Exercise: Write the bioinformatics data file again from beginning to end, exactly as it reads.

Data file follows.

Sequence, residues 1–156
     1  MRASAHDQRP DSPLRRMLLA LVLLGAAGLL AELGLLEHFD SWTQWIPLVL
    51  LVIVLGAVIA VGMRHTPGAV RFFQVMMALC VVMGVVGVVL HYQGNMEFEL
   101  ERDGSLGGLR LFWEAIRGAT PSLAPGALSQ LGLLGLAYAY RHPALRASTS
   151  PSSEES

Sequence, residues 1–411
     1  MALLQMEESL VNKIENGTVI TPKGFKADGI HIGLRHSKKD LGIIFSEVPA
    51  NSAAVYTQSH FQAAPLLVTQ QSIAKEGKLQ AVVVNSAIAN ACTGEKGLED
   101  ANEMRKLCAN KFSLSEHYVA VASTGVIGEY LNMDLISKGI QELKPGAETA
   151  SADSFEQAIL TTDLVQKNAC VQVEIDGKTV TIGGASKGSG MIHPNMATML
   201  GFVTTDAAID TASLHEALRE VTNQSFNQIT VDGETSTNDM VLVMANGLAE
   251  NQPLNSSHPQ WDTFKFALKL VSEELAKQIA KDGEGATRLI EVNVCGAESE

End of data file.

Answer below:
Sequence, residues 1–156
     1  MRASAHDQRP DSPLRRMLLA LVLLGAAGLL AELGLLEHFD SWTQWIPLVL
    51  LVIVLGAVIA VGMRHTPGAV RFFQVMMALC VVMGVVGVVL HYQGNMEFEL
   101  ERDGSLGGLR LFWEAIRGAT PSLAPGALSQ LGLLGLAYAY RHPALRASTS
   151  PSSEES

Sequence, residues 1–411
     1  MALLQMEESL VNKIENGTVI TPKGFKADGI HIGLRHSKKD LGIIFSEVPA
    51  NSAAVYTQSH FQAAPLLVTQ QSIAKEGKLQ AVVVNSAIAN ACTGEKGLED
   101  ANEMRKLCAN KFSLSEHYVA VASTGVIGEY LNMDLISKGI QELKPGAETA
   151  SADSFEQAIL TTDLVQKNAC VQVEIDGKTV TIGGASKGSG MIHPNMATML
   201  GFVTTDAAID TASLHEALRE VTNQSFNQIT VDGETSTNDM VLVMANGLAE
   251  NQPLNSSHPQ WDTFKFALKL VSEELAKQIA KDGEGATRLI EVNVCGAESE